TONIGHT! – DUDAMEL, LA PHIL, BEETHOVEN’s “SYMPHONY NO. 7” – Dance music? Kodaly, hell yeah. Strauss, not so much, for me. But Beethoven was the master of all he surveyed, and when he takes on dance rhythms here, you can bet it will be insightful and inspiring. The 7th comes after intermission, preceded by two LA Phil-commissioned world premieres. Gabriella Smith’s “Lost Coast: Concerto for Cello and Orchestra” (love the rich cello), and Ellen Reid’s “West Coast Sky Eternal” (got to be fascinating, with that title – Thurs and Sat only). But don’t show up fashionably late, these lesser-known pieces are on the program because Gustavo wants them there. That’s good enough for me. Thurs, Fri, Sat 8 p.m., Walt Disney Concert Hall, LA, $87-204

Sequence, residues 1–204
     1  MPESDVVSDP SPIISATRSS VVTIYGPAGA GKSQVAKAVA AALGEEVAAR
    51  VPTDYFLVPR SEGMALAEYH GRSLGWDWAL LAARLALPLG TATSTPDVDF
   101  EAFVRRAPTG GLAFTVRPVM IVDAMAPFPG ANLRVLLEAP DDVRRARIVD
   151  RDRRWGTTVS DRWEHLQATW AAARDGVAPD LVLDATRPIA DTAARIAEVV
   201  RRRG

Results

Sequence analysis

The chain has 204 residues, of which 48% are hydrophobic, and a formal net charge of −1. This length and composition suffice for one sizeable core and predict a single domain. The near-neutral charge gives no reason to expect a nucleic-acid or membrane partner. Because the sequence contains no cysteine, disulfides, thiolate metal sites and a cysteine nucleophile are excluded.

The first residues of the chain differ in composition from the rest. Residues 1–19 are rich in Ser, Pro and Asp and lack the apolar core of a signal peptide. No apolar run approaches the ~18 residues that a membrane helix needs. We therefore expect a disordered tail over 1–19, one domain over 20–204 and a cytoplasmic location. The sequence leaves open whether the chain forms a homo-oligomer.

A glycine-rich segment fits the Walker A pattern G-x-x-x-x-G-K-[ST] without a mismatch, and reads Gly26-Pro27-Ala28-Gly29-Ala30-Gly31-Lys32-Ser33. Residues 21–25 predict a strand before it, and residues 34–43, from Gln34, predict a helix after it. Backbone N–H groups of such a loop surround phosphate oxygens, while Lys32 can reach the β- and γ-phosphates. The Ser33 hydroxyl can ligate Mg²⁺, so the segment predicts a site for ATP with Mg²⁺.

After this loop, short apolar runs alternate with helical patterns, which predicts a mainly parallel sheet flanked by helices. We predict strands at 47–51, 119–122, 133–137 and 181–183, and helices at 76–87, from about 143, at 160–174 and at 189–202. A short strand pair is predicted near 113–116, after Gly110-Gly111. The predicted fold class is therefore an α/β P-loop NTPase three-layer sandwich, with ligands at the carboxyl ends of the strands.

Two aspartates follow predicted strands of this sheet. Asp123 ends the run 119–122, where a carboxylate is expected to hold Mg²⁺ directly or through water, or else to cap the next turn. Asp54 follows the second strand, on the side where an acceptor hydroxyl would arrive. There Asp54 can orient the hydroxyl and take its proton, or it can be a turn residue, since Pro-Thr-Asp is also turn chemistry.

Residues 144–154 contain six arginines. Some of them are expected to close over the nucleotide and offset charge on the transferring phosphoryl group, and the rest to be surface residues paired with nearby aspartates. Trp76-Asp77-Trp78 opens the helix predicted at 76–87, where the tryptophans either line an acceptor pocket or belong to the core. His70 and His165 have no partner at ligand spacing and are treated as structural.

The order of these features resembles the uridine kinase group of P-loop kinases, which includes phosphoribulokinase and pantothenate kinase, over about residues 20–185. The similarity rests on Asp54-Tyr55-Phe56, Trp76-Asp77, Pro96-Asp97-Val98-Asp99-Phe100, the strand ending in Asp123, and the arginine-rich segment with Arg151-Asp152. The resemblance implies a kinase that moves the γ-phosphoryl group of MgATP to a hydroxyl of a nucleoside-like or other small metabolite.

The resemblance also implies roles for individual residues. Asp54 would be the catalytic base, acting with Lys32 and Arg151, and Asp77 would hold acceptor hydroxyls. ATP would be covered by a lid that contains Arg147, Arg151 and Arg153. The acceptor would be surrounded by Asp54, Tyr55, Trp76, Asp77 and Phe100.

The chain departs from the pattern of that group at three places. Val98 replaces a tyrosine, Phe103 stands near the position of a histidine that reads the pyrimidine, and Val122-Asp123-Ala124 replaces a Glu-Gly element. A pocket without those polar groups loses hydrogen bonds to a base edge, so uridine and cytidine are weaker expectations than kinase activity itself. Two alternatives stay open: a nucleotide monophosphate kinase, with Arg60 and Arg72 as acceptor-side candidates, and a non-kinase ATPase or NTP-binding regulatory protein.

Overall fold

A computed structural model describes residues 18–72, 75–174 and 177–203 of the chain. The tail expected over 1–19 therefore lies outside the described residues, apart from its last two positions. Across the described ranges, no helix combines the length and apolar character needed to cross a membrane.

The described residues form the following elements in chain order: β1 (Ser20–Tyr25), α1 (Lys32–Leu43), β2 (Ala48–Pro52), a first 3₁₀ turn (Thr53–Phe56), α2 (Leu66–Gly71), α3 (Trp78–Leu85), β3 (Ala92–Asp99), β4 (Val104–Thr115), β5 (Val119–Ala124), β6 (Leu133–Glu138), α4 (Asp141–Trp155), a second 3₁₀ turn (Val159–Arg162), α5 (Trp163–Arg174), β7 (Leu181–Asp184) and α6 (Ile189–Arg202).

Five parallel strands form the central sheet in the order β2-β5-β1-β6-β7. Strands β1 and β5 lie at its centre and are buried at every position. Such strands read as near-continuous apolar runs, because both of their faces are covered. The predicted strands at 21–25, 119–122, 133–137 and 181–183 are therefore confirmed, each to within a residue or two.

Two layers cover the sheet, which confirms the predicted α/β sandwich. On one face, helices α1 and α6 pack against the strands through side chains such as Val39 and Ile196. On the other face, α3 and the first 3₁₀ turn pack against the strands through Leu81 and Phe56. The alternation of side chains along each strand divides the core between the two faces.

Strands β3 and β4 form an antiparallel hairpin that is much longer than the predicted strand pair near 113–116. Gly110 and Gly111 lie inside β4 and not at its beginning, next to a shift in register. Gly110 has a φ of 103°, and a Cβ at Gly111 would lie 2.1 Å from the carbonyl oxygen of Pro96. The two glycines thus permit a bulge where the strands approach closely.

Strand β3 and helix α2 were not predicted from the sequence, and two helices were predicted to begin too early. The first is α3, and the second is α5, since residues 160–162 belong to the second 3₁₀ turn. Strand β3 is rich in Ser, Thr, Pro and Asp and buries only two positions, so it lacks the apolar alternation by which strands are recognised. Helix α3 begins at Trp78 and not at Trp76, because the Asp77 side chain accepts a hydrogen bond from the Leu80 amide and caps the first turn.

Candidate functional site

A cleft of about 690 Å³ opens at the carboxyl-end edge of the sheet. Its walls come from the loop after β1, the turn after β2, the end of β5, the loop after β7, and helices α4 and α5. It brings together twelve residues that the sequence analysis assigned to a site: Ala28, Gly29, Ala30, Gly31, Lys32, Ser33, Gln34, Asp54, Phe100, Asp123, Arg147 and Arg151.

LAST PERFORMANCE! – LA OPERA, “OTELLO” – You’ve gotta understand, I moved to LA for the music. To work in the industry, but even more importantly, to be engulfed by music, the best, of the widest variety, nonstop, every night. Mission accomplished. But the delicious downside is that sometimes there is too much to fit in, and I do have a life outside that (as punching bag for the mindless minions of evil politicos). And so it happens, for the second LA Opera presentation in a row, that I cannot see it until the final performance. So, how can I honestly “highly recommend” it? I’ve gone to literally thousands of live shows since college, and often reported on them, and you learn to make accurate judgements based on what has already been proven. And in years of taking in LA Operas, I have been more often delighted and even thrilled, but never let down. Like the LA Phil and the old Jazz Bakery, consistently excellent. The experts are lining up, too. LA Opera just received, last week, their third Pulitzer (Best Musical Composition), for “Omar,” the complex, innovative modern opera with an ancient story and very wide-ranging music stylings, written by Rhiannon Giddens and Michael Abels, Wet Coast premiering last October. I’ve never seen a curtain part to such a striking set that it almost elicited a standing O from the audience. Even the New York Tim just honored America’s youngest opera company with a long, laudatory piece. Speaking of the experts, the LA Times crack critic Mark Swed wrote yet another review articulating the subtle accomplishments of the production. I feel it’s good prep to read his reviews before going, to be better prepared for what to look and listen for. He’s probably seen “Otello” a dozen times. Oh yeah, I made the right move for music to come here in 1980. I get more proof every single week. Sun 2 p.m., Dorothy Chandler Pavilion, LA, $29-349.